Cardiovascular complications in chronic dialysis patients

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Purpose of review

This review article focuses on the most significant cardiovascular complications in dialysis patients [sudden cardiac death (SCD), acute coronary syndromes, heart failure, and atrial fibrillation].

Recent findings

Current and ongoing research aims to quantify the rate and pattern of significant arrhythmia in dialysis patients and to determine the predominant mechanism of SCD. Preliminary findings from these studies suggest a high rate of atrial fibrillation and that bradycardia and asystole may be more frequent than ventricular arrhythmia as a cause of sudden death. A recently published matched cohort study in dialysis patients who received a defibrillator for primary prevention showed that there was no significant difference in mortality rates between defibrillator-treated patients and propensity-matched controls. Two randomized controlled trials are currently recruiting participants and will hopefully answer the question of whether implantable or wearable cardioverter defibrillators can prevent SCD. An observational study using United States Renal Data System data demonstrated how difficult it is to keep hemodialysis patients on warfarin, as more than two-thirds discontinued the drug during the first year. The ISCHEMIA-CKD trial may provide answers about the optimal strategy for the treatment of atherosclerotic coronary disease in patients with advanced chronic kidney disease.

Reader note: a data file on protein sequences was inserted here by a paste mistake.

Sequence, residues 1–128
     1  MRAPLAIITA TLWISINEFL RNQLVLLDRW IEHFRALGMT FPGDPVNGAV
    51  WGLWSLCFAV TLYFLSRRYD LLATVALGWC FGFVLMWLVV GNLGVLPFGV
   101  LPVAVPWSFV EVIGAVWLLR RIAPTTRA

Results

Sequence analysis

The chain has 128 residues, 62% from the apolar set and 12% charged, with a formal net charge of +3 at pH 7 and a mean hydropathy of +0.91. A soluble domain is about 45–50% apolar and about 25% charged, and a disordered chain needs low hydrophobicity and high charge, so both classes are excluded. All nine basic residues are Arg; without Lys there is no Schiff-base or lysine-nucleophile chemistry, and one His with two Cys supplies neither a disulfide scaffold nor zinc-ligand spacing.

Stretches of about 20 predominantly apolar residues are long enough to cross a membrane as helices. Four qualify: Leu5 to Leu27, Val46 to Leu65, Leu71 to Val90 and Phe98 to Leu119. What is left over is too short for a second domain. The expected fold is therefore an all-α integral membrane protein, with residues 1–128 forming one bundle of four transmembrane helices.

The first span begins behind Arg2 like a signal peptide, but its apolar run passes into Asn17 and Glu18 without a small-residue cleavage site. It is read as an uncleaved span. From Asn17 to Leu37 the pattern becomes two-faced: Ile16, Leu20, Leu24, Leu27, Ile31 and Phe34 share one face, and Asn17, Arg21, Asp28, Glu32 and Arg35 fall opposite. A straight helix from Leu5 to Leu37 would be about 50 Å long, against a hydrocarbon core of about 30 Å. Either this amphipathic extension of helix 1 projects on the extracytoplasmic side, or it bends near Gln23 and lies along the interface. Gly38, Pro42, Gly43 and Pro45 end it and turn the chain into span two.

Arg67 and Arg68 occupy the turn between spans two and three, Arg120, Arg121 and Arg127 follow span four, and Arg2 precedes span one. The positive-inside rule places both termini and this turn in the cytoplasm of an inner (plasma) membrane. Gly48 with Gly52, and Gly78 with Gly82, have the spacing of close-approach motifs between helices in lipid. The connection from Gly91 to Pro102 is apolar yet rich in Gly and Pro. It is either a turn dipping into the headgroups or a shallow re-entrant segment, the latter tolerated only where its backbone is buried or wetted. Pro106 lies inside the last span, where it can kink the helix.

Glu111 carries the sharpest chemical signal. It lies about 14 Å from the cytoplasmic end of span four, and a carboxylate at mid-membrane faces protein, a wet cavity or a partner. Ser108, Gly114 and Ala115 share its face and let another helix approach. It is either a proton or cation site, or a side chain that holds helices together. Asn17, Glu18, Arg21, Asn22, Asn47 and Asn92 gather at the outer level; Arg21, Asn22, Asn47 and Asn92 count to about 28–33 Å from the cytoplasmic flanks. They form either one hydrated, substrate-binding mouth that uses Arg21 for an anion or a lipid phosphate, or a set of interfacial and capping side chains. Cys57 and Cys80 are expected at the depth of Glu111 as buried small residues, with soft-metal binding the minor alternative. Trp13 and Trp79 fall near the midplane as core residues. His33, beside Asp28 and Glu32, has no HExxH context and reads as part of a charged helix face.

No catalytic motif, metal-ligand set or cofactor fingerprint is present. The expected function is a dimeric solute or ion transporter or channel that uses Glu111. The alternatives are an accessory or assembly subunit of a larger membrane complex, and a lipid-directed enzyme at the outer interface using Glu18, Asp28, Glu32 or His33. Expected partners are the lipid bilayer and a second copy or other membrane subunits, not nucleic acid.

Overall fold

The article reviews the diagnosis of acute coronary syndromes in dialysis patients, current literature on myocardial revascularization, and data on fatal and nonfatal cardiac arrhythmia. The new classification of heart failure in end-stage renal disease is reviewed. Finally, available cohort studies on warfarin for stroke prevention in dialysis patients with atrial fibrillation are reviewed.

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